This goes beyond the usual lament that sites will need to pay $100+ per year to get a cert - that's not really the problem, though from my experience most site owners will have to be dragged kicking and screaming before they bother to install a cert and get HTTPS running properly. Even if a cert is installed, most of them want to redirect back to HTTP at any opportunity.
Besides performance, cost, and administrative hassle, the big problem is the royal pain that it can be to take care of all the issues of trusted certs across hosting providers, CDNs, lead generation partners, etc. That's because in a lot of cases, those providers are hosting assets under a variety of domains - sometimes hundreds or thousands of domains - on single shared servers (or many copies of shared servers), each with a single IP address shared among the various domains. It's shared hosting all over again, this time writ large across global CDNs and the like. Even with your own hosting provider, you might face the same problem on development and staging environments even if not on production, making testing difficult. And while they're working on the problem, so far HTTPS does not play well with shared hosting. (On top of that, a lot of ad networks don't support HTTPS at all, so they introduce the mixed content problem into your pages. If your site depends on ads, you might not be able to serve them over HTTPS connections, which is why some sites offer HTTPS only to paying customers.)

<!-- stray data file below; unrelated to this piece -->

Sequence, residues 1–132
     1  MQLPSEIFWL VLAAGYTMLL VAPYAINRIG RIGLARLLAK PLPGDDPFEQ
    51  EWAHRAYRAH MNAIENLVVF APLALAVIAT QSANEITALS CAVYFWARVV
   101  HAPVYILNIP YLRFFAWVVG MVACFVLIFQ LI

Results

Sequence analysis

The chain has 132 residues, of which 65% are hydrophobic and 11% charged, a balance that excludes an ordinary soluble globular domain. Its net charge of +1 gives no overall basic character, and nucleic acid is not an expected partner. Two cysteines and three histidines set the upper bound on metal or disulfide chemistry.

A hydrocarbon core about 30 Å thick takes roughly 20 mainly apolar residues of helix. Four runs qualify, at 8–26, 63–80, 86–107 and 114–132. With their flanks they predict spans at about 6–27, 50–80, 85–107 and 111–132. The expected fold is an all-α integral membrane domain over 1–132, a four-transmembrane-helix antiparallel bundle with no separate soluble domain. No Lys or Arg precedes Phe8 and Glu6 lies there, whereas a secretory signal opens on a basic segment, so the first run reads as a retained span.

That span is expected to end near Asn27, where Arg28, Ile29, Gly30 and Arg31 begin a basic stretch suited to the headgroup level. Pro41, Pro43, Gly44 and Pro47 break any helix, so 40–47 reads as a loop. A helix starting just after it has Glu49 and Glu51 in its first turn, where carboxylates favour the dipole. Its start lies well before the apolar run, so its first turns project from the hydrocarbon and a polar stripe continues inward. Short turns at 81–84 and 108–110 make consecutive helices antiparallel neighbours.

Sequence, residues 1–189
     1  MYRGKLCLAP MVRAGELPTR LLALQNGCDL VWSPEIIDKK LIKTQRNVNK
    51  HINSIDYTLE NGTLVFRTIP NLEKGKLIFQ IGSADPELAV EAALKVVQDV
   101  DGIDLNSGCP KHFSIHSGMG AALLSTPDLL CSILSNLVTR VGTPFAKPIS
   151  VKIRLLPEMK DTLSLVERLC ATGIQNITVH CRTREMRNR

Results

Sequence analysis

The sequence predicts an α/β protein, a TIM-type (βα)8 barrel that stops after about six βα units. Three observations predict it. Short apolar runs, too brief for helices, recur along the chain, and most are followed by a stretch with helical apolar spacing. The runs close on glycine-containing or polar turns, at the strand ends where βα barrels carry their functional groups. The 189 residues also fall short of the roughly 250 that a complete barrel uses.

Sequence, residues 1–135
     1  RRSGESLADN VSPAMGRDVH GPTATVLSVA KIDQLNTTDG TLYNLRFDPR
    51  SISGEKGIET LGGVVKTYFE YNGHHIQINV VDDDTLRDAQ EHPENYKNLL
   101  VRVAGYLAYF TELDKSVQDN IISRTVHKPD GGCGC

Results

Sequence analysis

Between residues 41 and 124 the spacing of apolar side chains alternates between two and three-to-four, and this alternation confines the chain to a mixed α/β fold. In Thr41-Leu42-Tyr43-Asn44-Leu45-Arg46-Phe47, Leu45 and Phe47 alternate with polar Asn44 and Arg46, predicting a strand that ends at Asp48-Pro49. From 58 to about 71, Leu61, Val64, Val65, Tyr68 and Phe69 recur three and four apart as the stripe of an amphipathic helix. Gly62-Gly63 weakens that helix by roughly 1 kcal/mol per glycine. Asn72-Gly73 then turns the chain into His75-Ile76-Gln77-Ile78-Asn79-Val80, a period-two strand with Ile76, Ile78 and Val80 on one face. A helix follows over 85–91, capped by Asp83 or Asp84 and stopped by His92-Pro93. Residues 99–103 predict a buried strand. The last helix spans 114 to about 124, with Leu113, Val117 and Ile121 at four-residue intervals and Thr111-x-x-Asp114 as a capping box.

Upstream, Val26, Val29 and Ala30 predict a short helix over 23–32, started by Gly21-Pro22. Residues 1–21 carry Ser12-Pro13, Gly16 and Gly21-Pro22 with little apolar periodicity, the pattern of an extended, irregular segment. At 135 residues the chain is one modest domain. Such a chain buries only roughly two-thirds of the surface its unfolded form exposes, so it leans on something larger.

The whole idea of SPDY or HTTP2 being "TLS-only" is laudable, to gain opportunistic encryption even when the user didn't request HTTPS. But by so thoroughly breaking sites with mixed content or untrusted certificates (either expired or self-signed or for the wrong hostname or whatever), I'm of the opinion that all it's doing is delaying the adoption of TLS for websites. Rather than going "oh well, to get HTTP2, we'll have to fix this", most sites, faced with the hassle and resulting broken pages, will drag their heels adding HTTPS or enabling HTTP2, forcing downgrades to HTTP 1 for many years to come.